When it first mentioned prismatic spray and the number of spell limitations the wizard could commit to memory, I couldn't help but guess the level the wizard would be in d&d. Which, with some cursory wiki work it looks like the creators of d&d borrowed the idea from this book and not vice versa. If you like d&d, that's just a fun twist in the story.
His tone is soft and endearing - like an old wizard reading a book of stories. I think that contrast with the dark subject matter helped give a unique feeling to the overall story and he does a good job voicing the different characters distinctly. My only negative is that the recording or his voice or both was very quiet and I had to crank it up a lot.
This is now one of my all time favorites and I'm going to look for more of his work and this setting. And I agree that it does require your full attention and I had to re-listen to parts throughout the book whenever I found myself lost but definitely worth checking out - especially since it's so short.
Other reviewers compared the prose in this book to an epic poem or Middle English verse. I agree. I enjoy dated language and dialogue in writing, but when the story architecture itself is too dated, as it is here, it fails to hold my interest.
I can see this as a point of extreme polarization, so I suggest the following litmus test: if you liked 'The Canterbury Tales' and 'Beowulf', this may be worth a shot, otherwise, save your time and a credit.
Absolutely. Jack Vance's writing isn't like mere fiction, it is like reading a long lost ancient scroll. His style is timeless and also brings up a feeling that it was written eons ago.
Turjan. He is the keeper of all the spells that remain.
The confrontation with Chun the Unavoidable.
Fantasy The Way It Is Supposed To Be!
Vance is an amazing storyteller and if you enjoy well written thoughtful fantasy you will enjoy his writings. Also, if you grew up playing role-playing games, you will recognize many details that were taken directly from Vance's writings.
This collection of short stories set in Vance's Dying Earth is old school fantasy and may suffer from the phenomenon of seeming to be derivative by virtue of being the thing that everyone else has been imitating. It's swords and sorcery mixed with hints of lost technology in a far future age when Earth's sun is going out and magic has replaced science, or perhaps they have simply merged to become the same thing. The red sun, the lands and peoples whose names bear no resemblance to that of our world, and the inhuman creatures who might be demons or might be aliens, are evocative and mysterious. It's reminiscent of Moorcock and Gene Wolfe, but distinctively Vance.
This is a world where magicians know one of a hundred known spells, the rest all lost to the ages. There are swordsmen, magicians, scholars, and wandering rogues. The characters are heroic and scoundrelous, innocent and wicked. The dialog is formal and stilted, but deliberately so, in a way that makes each story read like a classic legend. The prose and stories are sure to please any fan of traditional fantasy, and Vance is an above average writer in this genre.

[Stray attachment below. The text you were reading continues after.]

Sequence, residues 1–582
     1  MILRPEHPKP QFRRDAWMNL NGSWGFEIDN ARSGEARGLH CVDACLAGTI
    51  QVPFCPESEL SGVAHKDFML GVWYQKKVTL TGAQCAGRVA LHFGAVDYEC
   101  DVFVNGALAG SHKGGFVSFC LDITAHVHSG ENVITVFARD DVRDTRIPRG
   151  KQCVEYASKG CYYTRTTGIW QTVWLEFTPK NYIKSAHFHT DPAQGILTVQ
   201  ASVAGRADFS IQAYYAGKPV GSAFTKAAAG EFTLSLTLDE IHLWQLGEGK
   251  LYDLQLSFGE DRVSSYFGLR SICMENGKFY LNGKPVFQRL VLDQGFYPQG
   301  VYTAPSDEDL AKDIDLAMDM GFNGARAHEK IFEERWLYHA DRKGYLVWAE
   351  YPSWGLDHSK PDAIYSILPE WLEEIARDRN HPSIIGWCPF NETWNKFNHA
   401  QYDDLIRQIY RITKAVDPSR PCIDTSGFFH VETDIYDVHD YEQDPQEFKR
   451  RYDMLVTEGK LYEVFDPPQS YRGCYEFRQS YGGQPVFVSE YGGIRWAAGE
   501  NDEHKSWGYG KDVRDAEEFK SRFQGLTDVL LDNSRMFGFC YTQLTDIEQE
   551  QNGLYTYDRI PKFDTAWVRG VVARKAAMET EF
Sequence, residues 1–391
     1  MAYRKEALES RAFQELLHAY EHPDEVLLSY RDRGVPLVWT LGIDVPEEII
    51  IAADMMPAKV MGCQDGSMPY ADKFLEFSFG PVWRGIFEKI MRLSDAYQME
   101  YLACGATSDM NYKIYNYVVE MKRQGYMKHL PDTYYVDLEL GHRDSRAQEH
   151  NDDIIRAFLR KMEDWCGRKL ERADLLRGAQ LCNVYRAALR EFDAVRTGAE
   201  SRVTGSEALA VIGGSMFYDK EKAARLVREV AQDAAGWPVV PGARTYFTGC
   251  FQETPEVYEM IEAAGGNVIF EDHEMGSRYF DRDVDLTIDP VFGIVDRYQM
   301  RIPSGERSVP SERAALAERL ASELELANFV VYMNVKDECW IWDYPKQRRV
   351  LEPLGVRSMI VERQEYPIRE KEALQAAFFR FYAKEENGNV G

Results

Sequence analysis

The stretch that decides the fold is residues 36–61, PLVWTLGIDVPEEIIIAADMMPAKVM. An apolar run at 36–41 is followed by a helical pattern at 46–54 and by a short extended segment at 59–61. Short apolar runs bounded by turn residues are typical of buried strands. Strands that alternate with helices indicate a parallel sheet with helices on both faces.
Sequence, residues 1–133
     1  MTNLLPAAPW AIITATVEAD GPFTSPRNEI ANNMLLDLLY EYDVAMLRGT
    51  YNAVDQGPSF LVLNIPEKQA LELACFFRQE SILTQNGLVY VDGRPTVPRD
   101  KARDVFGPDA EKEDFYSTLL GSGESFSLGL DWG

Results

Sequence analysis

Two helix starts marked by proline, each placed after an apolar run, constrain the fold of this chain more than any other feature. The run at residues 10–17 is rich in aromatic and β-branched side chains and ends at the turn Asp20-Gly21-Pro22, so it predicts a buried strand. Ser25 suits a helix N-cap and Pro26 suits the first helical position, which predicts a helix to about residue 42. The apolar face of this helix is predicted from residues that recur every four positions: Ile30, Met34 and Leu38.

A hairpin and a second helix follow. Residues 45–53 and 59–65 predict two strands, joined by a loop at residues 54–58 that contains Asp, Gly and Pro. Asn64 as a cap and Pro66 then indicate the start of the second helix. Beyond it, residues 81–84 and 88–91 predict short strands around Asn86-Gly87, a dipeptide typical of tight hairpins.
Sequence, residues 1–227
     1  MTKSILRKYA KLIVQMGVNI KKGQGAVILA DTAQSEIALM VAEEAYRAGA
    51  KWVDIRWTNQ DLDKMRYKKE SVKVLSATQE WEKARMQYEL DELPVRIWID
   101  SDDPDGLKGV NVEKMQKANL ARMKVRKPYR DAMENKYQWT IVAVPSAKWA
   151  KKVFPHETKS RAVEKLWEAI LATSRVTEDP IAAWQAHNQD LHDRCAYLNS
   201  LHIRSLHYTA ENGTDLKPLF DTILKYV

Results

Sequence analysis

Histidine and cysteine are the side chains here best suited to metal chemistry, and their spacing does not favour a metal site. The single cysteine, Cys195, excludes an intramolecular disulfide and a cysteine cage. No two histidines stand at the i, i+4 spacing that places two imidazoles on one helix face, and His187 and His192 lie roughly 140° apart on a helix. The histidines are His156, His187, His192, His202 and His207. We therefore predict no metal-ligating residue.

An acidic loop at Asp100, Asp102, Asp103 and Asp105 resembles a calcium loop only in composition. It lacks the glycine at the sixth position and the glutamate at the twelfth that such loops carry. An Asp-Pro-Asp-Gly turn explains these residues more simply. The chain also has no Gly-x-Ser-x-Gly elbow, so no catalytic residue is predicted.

I didn't love this book - hence only 4 stars, though I've enjoyed Vance's stories before and I'll enjoy more. As I said, this book suffers from the fact that most people have probably read so many imitations that The Dying Earth deserves acclaim for its place as a core work in the fantasy genre, but it doesn't have much that most fans haven't seen before. Very enjoyable stories, and hard to imagine that the man who wrote this over 60 years ago is still alive!
I thought this book was a masterpiece...but beware that this book is more akin to epic poetry than to modern epic fantasy. The book requires (and rewards) attention; this not one to listen to while driving. If you liked listening to Homer's Iliad (which I highly recommend), you will love the hypnotic, wide ranging, engrossing fantasy of this book.
This is an early work by Jack Vance and has a lot less of the optimism shown in his science fiction and later fantasy. It has as its major themes, magic (linked to scientific principles) flawed heroes and the last days of the Earth. There are some very interesting characters and situations. If you want to read where many of the current crop of Fantasy writers got their inspirations, this is an ideal starting point.
Voiced well, the characters stand out and are believable (well, as well as any fantasy characters can be!) and the atmospheres of the various settings are portrayed convincingly.
I collected Jack Vance's books for the past 30 years and was delighted to see them on audible! He is the mastery of magical prose and story telling. Get it now and enjoy!
"Ripe with ideas and peculiar characters"
Imagine cooking together some Grimm Fairy Stories alongside a Dungeons and Dragons spell book, and then adding a flavour of the Canterbury Tales for good measure. Baste well and roast to perfection. The result is earthy, colourful and very engaging. I really loved it.
"Classic Sci Fi"
This is a real gem. The sun is dying and mankind has evolved. There are strange creatures & men have learned magic. My biggest annoyance, and it it not resticted to this series, is that this series is in 4 parts. Parts 1 & 3 are availlable in audible. What about part 2," the eyes of the overworld"? I have purchased this on amazon, so it is availlable. What is the point of making part 3 availlable and not part 2.